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Leased horse: owner's signature on entry form?

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  • Leased horse: owner's signature on entry form?

    So my leased horse's owner lives out of town--WAY out of town--and I'm wondering about entry forms: do I need to have her sign a bunch of those on the "owner" line and send them to me, or can I, as the person leasing the horse, sign there instead?

    TIA.
    Click here before you buy.

  • #2
    The entry says (or used to say) owner or agent. Being the leasee, you are the agent. I always signed as owner/agent for our leased horse.

    Comment

    • Original Poster

      #3
      Thanks. Can I be a SECRET agent?
      Click here before you buy.

      Comment


      • #4
        If I'm doing entries for a horse I don't own and the owner isn't standing RIGHT THERE, I sign and circle "agent". Makes life sooooo much easier.
        Amanda

        Comment


        • #5
          For my son's leased horse, I circle the word agent, sign my name, and then print "lessee" next to it, just to cover all the bases. It was not questioned at any of the USEA events my son rode in last year.

          Comment


          • #6
            Where is Canterlope -- she is an expert on entry forms -- perhaps she would know?
            Proud & Permanent Student Of The Long Road
            Read me: EN (http://eventingnation.com/author/annemarch/) and HJU (http://horsejunkiesunited.com/author/holly-covey/)

            Comment


            • #7
              From the rule book
              GR909.1. Entries must be made in writing and signed by the (1) exhibitor (2) the rider, driver,
              handler, vaulter or longeur, (3) the trainer, and (4) the coach, if applicable, or by the agent(s)
              of such person(s)
              and must be accompanied by funds to cover entry fees, stall fees and
              Federation fee (see GR208.1).
              Janet

              chief feeder and mucker for Music, Spy, Belle and Tiara. Someone else is now feeding and mucking for Chief and Brain (both foxhunting now).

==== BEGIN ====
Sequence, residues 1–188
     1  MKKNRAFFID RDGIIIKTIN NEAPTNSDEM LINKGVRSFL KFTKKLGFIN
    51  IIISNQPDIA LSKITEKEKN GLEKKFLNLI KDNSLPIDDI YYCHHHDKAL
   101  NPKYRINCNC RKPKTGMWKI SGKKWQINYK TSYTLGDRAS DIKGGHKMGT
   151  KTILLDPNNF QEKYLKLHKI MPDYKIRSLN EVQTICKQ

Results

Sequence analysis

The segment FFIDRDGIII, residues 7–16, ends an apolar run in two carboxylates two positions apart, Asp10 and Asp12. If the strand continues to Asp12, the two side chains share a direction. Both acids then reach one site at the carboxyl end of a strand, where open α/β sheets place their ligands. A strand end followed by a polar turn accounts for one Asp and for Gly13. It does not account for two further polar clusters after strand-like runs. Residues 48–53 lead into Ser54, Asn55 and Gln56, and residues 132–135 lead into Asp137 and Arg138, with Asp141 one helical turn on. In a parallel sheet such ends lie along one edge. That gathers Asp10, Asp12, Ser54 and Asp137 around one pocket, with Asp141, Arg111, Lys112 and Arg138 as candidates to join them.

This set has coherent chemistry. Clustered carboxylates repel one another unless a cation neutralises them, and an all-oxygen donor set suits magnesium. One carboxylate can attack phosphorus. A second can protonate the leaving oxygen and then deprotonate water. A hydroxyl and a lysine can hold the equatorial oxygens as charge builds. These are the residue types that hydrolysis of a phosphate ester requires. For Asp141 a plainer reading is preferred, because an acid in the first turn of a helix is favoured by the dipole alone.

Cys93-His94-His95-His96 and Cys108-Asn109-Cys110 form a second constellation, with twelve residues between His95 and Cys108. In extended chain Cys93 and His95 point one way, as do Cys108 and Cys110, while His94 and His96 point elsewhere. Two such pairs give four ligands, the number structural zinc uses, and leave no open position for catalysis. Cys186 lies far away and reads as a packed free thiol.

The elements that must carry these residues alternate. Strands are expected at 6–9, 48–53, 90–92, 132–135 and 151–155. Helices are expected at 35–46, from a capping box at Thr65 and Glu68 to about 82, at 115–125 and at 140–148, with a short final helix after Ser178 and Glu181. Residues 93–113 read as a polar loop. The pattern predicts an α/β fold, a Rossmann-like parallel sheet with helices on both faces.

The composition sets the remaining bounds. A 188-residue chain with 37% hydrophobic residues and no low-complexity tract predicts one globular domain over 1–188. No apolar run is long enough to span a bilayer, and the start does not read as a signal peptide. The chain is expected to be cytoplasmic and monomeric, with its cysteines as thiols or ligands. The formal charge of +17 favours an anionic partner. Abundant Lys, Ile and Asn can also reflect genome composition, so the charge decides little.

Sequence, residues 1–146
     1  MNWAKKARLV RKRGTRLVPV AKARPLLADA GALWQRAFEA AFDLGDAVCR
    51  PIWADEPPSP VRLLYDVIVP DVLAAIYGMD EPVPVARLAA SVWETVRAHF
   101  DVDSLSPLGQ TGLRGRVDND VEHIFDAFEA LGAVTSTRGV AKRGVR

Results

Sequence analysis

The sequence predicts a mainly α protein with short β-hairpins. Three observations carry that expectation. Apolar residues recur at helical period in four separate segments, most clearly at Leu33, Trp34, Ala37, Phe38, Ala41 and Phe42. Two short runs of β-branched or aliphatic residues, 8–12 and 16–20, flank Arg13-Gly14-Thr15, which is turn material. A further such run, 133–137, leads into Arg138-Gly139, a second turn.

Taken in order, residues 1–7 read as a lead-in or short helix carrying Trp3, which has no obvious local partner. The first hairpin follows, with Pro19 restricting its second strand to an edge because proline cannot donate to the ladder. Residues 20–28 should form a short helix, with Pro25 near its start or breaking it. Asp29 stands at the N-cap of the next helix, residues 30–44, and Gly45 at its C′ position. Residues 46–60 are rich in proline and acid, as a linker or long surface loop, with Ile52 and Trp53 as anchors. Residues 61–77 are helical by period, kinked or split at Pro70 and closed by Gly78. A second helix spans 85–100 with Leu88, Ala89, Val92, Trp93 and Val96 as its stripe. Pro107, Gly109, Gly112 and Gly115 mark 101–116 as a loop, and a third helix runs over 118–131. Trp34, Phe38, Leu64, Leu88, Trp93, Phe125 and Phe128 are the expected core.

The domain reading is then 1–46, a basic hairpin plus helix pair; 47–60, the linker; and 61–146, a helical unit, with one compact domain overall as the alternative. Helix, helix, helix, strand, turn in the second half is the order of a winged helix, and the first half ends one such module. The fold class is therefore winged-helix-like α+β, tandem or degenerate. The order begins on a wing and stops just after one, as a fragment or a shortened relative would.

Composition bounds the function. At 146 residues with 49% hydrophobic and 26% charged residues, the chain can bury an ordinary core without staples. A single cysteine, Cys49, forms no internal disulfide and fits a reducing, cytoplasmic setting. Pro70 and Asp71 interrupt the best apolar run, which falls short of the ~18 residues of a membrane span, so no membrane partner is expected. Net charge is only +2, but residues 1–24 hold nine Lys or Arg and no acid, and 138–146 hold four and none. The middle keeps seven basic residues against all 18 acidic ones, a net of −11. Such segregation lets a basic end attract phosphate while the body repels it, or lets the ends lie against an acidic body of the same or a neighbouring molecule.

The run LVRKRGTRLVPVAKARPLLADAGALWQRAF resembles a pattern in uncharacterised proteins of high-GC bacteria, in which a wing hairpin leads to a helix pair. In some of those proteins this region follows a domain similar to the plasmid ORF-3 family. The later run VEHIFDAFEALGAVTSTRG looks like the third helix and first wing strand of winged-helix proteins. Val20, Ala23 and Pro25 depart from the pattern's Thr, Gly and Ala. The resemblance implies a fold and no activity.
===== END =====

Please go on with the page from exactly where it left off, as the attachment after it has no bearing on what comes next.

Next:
Comment


              • #8
                I, too circled "agent" and signed when I was leasing.

                ETA: so this means you are entering something?
                SportHorseRiders.com
                Taco Blog
                *T3DE 2010 Pact*

                Comment

                • Original Poster

                  #9
                  Well, we're still months away from show season, but certainly I intend to do some competing this year . . . once the snow melts, the temperature goes north of 40, and I learn to ride the critter.
                  Click here before you buy.

                  Comment


                  • #10
                    I have always signed as agent when leasing and I hereby officially annoint you agent! At least he is exactly the same at shows as at home and presumably you only need to learn to ride the critter on the flat
                    OTTBs rule, but spots are good too!

                    Comment


                    • #11
                      Do eventing leases need to be registered with the USEA? We ran into this issue at dressage shows last year. IIRC, to sign as "agent" the leases had to be registered with USDF or some such thing. Hopefully eventing isn't as silly.

                      Comment


                      • #12
                        do what we do for events (not fei stuff though)

                        Some secretaries suggest you have photo copies of entry an use the same back page over and over again. Works really well when I am doing so many entries. DO not have to track down clients for their horses or sigs for horses I am riding for clients!
                        To be successful, you have to have your heart in your business, and your business in your heart

                        Comment


                        • #13
                          Well...here's what the rulebook says....

                          From the USEF rulebook, this is rule GR1108 -- read number 5!

                          GR1108 Lease Registration.
                          1. The Federation encourages all lessors of horses competing in Federation competitions to register the lease with the Federation. A recorded horse must be shown under a lessee’s ownership provided an official lease is registered with the Federation.